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Your Beermonger: California Love (Part Three)

by Nick Anderson September 12, 2014 at 2:30 pm 0

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Editor’s Note: This sponsored column is written by Nick Anderson, beermonger at Arrowine (4508 Lee Highway).

Over the past two weeks, I’ve recapped my visits to two Southern California breweries — Stone and The Bruery — that I went on during my recent vacation. Today we’re wrapping everything up with a list of some of the things I noticed during my too-brief stay out West:

Good: Los Angeles’ local beer scene: I expected to find all kinds of good beer in San Diego and was not disappointed, but what surprised me was how many breweries are up and running in L.A. itself. During an afternoon trip to the beach at Santa Monica, my wife and I ducked into The Commons Ale House, a small beer bar just off the beach focusing on craft beer with some great local options on tap. Over games of Connect Four, we got to try Angel City‘s Eureaka! Wit (4.9 percent and made with Nelson Sauvin? Yes, please!), and El Segundo Brewery‘s Blue House Mosaic Pale Ale. El Segundo makes a handful of Blue House Pales featuring different hops. I noticed some Blue House Citra at a Whole Foods near my friend’s house later on in the week, along with a number of other L.A.-based brewery selections. Reading a Brewing News-style periodical about the L.A. beer scene, it appears that there are more breweries coming online, which is always a good sign.

Bad: Hop-centric, sometimes to a fault: What I found in SoCal was a dearth of the Lagers, non-hoppy Ales (Kolsch-style, Golden Ales, etc.), wheat beers, and mild Belgian styles that are more readily found here on the East Coast. For the most part, I was fine with this — I got into beer as a hophead, and I’m always going to be one. For people like my wife, the emphasis on big hops in nearly everything being put out by craft brewers can be tough to deal with.

My wife, you see, is not a fan of particularly bitter hoppy beers. Over the 10 years we’ve been together, she’s tried more beers than most people in the industry, and she has a great palate — she knows what she likes, and knows what she doesn’t. Too often in California we’d look through a menu at beer lists and there just wouldn’t be much of anything that she could get into.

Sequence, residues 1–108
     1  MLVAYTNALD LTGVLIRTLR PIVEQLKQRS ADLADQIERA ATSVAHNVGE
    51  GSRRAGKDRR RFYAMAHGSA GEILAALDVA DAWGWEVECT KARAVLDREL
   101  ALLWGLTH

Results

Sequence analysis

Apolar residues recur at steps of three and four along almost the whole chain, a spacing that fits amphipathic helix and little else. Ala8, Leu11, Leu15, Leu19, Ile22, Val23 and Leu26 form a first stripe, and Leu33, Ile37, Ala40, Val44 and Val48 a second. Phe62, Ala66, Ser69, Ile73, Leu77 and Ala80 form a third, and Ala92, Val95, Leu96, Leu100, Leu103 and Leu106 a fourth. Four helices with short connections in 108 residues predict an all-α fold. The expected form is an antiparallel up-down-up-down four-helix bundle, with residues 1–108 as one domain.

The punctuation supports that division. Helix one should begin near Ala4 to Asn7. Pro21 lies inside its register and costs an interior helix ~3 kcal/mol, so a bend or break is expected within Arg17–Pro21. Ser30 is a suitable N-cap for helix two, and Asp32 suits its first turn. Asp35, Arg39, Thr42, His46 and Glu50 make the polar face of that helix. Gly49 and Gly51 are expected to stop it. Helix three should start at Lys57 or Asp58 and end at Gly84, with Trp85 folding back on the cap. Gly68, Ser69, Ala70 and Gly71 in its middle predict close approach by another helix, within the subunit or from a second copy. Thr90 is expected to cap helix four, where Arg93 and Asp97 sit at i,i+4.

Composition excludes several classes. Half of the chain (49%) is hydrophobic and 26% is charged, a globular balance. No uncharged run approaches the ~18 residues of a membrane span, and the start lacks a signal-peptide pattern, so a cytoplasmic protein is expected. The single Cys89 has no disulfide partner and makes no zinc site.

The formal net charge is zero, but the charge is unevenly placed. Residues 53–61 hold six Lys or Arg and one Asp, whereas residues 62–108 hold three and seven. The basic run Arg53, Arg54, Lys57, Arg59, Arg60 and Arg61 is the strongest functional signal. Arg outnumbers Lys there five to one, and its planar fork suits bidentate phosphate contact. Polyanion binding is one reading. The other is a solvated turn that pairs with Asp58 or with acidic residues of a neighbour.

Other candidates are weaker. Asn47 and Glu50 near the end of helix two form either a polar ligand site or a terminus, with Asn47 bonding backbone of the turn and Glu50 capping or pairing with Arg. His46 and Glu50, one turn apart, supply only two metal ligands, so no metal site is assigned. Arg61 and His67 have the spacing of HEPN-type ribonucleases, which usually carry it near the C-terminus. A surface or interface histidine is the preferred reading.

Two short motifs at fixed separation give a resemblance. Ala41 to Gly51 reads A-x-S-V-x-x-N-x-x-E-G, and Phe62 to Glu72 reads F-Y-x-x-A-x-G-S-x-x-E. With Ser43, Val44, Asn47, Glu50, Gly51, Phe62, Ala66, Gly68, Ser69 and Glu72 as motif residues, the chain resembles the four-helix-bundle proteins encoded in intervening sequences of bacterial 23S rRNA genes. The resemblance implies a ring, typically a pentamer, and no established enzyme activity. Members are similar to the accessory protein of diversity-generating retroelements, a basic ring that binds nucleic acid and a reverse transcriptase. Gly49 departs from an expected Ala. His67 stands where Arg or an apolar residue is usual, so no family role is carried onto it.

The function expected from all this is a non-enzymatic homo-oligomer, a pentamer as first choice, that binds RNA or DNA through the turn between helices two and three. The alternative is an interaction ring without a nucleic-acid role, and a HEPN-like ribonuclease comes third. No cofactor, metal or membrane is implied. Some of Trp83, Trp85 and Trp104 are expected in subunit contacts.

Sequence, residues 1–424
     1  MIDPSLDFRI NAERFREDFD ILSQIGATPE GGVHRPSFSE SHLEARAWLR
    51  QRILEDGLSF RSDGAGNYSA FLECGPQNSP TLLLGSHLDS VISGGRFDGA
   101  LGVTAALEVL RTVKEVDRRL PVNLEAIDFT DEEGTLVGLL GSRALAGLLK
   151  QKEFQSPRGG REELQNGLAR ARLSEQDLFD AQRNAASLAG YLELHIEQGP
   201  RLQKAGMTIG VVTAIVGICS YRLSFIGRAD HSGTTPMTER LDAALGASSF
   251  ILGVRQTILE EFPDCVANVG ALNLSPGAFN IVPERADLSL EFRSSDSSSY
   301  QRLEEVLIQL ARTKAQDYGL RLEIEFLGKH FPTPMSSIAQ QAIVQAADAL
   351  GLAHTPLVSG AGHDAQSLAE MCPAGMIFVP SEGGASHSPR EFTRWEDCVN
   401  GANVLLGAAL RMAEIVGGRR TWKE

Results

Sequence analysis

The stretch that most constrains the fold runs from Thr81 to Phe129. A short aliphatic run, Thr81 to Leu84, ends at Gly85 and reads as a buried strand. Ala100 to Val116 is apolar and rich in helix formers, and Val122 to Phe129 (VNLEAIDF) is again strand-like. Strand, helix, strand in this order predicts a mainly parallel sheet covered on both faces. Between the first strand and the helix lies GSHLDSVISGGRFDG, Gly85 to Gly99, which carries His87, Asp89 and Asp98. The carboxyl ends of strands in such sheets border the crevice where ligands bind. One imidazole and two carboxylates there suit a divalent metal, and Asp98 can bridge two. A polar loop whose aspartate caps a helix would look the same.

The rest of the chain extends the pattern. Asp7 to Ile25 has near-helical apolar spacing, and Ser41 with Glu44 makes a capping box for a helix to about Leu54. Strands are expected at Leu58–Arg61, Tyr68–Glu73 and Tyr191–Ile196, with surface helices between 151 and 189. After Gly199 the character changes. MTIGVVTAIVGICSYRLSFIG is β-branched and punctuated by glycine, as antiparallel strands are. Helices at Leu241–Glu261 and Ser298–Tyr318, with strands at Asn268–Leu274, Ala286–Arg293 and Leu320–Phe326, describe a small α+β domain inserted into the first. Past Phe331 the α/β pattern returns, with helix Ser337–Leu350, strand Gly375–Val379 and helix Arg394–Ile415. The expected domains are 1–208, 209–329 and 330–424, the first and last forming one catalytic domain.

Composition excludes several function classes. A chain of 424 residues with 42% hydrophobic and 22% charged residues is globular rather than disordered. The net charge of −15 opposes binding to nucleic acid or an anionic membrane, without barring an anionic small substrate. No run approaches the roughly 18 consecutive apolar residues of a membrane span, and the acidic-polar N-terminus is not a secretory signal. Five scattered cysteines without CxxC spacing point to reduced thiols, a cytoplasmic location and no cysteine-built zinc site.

Good: That may be changing? All that said, I did see some signs that things might be shifting a bit on the West Coast. The aforementioned Angel City Brewery offers their Wit year-round, along with a year-round Pilsner, and seasonals like a Wheat Ale and Oktoberfest. Modern Times offers a Saison and Coffee Stout that, while relatively hoppy for their styles by the numbers (30 and 40 IBU, respectively), aren’t overly aggressive. AleSmith‘s Anvil ESB was a beer we both loved. Even during our Stone visit, my wife found herself enjoying Go-To IPA (no bittering hops, remember?) and loved the limited-release Sprocketbier from earlier this year. I got to snag a sixer of Firestone Oaktoberfest and was impressed; hopefully production is boosted enough for next year that we see a little on the East Coast.

Good: If you do like hops, though… Oh man, is it fun being a hophead in California. The night we landed, my friend and I went on a BevMo run to stock up his fridge a bit. I decided to buy some ChronicAle from Port Brewing. I’m a fan of Port and hadn’t tried this one before. ChronicAle is a hoppy Session Amber Ale, clocking in at 4.9 percent, and comes in six-packs of tallboy cans. How cool is that? Also, those sixers of tallboys cost $9.99 at BevMo — this was the first of many moments where I contemplated staying in L.A., and never coming back. Also found and enjoyed while in California: Firestone 805 (in six-pack bottles and 12-pack cans), AleSmith IPA and Pale Ale 394, Stone Bastard In The Rye, Beechwood Alpha Master, Ritual Single Rye IPA… there’s a lot of great beer in SoCal, y’all.

Overall, I found many more good things than bad about SoCal. There’s a lot to love (especially the changes of scenery available with a minimum of driving time), and I can’t wait to go back. Could I live out there? I think so. It’s not so different from the D.C. area in that the trick is in finding the part of town that works best for you. I’d miss Southern food terribly — probably more than anything else.

I think I need to make a couple more visits — you know, to make sure. Until next time!

Nick Anderson maintains a blog at www.beermonger.net, and can be found on Twitter at @The_Beermonger. Sign up for Arrowine’s money-saving email offers and free wine and beer tastings. The views and opinions expressed in the column are those of the author and do not necessarily reflect the views of ARLnow.com.

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